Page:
Friday, June 17, 2016

Taste of Ramadan: Meet one of Banglatown's earliest Muslim families

Posted By on Fri, Jun 17, 2016 at 12:26 PM

click to enlarge In the foreground, Bangladeshi-style kebabs. - PHOTO BY SERENA MARIA DANIELS
  • Photo By Serena Maria Daniels
  • In the foreground, Bangladeshi-style kebabs.
It’s just before Iftar — the breaking of fast during the Islamic holy month of Ramadan. The members of the Khan family are all eagerly standing around the dining table in anticipation of the moment when they can sit down and sink their teeth into the feast that’s been thoughtfully placed before them.

Saheda Khan and daughter Taharath have been prepping all afternoon, balling up the tuna kebabs, frying the piyaju (lentil fritters), and slow-cooking the lamb korma – all of which fill the family’s Warren home with the air of cardamom, curry, and chili peppers. It’s the kind of smell that hits you as soon as you walk into the house, an aroma that has you kicking off your shoes at the front door in anticipation of what’s to come.

click to enlarge Saheda Khan, left, and her nephew, Razur Rahman, right, waiting for the start of Iftar. - PHOTO BY SERENA MARIA DANIELS
  • Photo By Serena Maria Daniels
  • Saheda Khan, left, and her nephew, Razur Rahman, right, waiting for the start of Iftar.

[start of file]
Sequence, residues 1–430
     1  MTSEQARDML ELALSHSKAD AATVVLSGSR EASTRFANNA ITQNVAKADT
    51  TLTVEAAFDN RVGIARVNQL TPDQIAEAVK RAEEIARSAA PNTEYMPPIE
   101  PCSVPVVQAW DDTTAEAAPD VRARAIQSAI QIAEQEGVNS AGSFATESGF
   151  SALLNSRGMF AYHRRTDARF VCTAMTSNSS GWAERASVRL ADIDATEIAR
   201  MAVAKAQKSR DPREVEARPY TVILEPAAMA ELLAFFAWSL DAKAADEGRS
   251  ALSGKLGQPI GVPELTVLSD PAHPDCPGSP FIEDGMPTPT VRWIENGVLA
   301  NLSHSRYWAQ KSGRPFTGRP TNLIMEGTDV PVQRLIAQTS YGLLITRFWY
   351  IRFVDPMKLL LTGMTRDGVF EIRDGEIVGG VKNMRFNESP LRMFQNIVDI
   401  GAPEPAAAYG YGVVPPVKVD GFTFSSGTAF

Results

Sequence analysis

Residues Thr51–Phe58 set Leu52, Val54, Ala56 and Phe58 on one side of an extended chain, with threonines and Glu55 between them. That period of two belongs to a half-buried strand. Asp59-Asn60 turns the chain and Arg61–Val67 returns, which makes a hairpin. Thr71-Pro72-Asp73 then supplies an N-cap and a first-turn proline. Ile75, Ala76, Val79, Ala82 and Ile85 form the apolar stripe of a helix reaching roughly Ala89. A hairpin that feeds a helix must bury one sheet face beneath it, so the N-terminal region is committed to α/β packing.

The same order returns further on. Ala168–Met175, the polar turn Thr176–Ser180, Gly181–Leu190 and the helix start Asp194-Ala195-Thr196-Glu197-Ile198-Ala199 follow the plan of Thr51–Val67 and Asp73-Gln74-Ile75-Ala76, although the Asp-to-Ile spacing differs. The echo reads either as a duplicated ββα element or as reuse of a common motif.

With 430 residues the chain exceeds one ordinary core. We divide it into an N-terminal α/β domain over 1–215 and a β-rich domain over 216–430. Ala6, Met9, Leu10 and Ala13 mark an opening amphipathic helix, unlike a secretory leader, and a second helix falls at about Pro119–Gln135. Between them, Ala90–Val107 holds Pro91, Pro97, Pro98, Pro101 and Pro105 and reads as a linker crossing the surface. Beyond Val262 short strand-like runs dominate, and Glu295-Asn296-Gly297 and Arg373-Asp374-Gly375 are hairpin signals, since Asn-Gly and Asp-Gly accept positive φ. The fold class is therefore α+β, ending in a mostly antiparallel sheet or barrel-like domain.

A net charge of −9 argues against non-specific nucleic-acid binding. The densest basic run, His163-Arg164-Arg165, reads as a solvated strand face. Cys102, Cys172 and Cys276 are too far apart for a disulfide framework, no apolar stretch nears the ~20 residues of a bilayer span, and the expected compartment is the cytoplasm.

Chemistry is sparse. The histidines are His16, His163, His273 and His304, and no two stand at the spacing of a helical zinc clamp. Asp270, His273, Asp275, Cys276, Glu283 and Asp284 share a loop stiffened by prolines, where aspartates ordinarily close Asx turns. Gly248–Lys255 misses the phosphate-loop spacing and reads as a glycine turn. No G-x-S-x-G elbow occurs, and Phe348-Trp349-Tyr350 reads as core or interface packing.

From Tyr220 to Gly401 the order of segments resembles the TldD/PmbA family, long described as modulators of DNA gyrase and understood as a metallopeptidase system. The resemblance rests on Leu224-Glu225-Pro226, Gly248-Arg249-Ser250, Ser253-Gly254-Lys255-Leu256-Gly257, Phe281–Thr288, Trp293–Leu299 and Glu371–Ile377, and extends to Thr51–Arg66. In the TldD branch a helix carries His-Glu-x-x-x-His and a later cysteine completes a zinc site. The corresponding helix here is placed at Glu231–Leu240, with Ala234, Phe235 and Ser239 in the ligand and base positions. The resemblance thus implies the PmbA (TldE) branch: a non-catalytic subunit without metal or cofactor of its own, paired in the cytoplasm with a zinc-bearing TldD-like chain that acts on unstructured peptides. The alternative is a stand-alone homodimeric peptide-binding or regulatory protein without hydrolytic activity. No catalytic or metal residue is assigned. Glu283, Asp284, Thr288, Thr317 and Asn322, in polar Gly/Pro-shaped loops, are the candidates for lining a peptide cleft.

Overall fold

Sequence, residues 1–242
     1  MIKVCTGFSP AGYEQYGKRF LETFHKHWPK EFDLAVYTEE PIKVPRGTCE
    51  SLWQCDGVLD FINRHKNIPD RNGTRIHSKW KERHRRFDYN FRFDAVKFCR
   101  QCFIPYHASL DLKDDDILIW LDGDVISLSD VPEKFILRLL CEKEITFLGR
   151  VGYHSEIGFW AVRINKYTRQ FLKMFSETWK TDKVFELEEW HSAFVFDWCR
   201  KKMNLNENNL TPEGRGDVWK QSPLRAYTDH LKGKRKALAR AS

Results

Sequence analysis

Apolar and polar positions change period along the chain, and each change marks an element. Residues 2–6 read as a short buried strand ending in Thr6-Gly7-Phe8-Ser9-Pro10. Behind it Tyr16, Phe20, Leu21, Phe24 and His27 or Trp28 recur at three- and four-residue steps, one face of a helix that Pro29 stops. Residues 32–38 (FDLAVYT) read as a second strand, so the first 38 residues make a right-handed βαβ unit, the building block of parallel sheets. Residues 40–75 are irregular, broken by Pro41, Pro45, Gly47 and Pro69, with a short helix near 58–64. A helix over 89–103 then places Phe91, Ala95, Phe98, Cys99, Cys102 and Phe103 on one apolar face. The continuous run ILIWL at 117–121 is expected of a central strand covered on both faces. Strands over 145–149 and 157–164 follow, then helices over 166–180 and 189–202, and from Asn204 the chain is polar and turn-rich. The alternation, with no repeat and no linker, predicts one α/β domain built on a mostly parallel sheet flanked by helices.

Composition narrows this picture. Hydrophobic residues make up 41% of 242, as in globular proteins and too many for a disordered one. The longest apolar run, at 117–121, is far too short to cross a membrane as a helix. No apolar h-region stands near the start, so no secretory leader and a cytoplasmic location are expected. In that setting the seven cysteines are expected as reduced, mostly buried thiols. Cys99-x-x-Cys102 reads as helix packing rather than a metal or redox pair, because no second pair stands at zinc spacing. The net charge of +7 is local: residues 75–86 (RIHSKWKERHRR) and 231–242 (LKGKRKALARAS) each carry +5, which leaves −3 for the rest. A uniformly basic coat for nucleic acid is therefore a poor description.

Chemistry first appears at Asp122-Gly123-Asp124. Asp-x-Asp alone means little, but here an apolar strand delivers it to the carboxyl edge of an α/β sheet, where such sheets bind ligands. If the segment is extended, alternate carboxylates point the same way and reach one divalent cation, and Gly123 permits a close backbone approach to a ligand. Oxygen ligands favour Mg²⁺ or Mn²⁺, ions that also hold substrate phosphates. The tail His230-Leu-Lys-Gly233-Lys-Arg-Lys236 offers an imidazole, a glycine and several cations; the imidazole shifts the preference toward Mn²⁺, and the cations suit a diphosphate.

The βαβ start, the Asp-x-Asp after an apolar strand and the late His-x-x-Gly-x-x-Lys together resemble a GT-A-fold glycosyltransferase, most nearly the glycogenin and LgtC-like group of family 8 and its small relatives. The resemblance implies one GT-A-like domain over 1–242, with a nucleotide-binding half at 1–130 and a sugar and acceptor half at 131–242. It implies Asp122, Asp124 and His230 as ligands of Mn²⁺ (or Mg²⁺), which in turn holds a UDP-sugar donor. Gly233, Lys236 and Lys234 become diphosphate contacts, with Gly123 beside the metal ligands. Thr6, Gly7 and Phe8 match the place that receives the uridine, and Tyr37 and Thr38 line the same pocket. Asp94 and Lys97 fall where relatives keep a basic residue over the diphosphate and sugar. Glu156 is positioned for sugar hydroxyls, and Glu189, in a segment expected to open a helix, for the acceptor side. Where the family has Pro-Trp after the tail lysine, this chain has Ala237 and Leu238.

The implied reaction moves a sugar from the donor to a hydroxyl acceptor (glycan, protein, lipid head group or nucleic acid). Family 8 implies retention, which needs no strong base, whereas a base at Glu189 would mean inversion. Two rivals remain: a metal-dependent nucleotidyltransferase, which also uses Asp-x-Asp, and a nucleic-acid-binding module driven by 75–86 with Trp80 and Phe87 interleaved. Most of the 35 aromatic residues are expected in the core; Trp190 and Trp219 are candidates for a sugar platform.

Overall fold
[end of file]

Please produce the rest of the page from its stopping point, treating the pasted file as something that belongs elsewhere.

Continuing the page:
Cell phone alarms are set to sound off the adhan, and, at about 9:15 p.m. the sunset call to prayer is heard, marking the start of Iftar – the moment everyone’s been awaiting all day: Time to eat.

The Khans are partaking in a tradition with beginnings dating back to the 7th century. And when fasting breaks for the day in metro Detroit, where the Muslim population is vast in diversity, a world of culinary traditions come alive.

click to enlarge Far right, Saiful Khan, wife Saheda middle, and their nephew Razur Rahman standing to the left. - PHOTO BY SERENA MARIA DANIELS
  • Photo By Serena Maria Daniels
  • Far right, Saiful Khan, wife Saheda middle, and their nephew Razur Rahman standing to the left.

The family also traces its local roots back to some of the first Bangladeshis who migrated to Detroit. Among the dining guests is Razur Rahman, who tells us his father moved to what is now known as Banglatown at the Detroit-Hamtramck border in 1966 to work for Chrysler. Back then, the neighborhood was still considered a working-class Polish community, known better for Catholic fish fries, paczki, and pierogi than biryani or chicken tikka. It wasn't until the 1970s and '80s that a small number of Bangladeshi immigrants started moving to the area, including including Saiful Khan, who’s sister is Rahman’s mother.

In 1980, Saiful Khan first settled on Carpenter, which straddles the border of Hamtramck and Detroit. He returned to his hometown of Sylhet, which sits in the northeast of Bangladesh, in 1989 and married Saheda. The two came back to the United States, where they raised children – sons Tahmeed and Shadman, and daughter Taharath. They eventually settled in Warren.

By 1990, there were about 25 to 30 Bengali families living in the area. Now, Rahman tells us, there are some 30,000 living in the region, many by way of Queens, N.Y. With that, much of Conant – from about Caniff in Hamtramck up to around Davison in Detroit – is lined with Bengali dress shops, doctor’s offices, small groceries, pharmacies, and restaurants.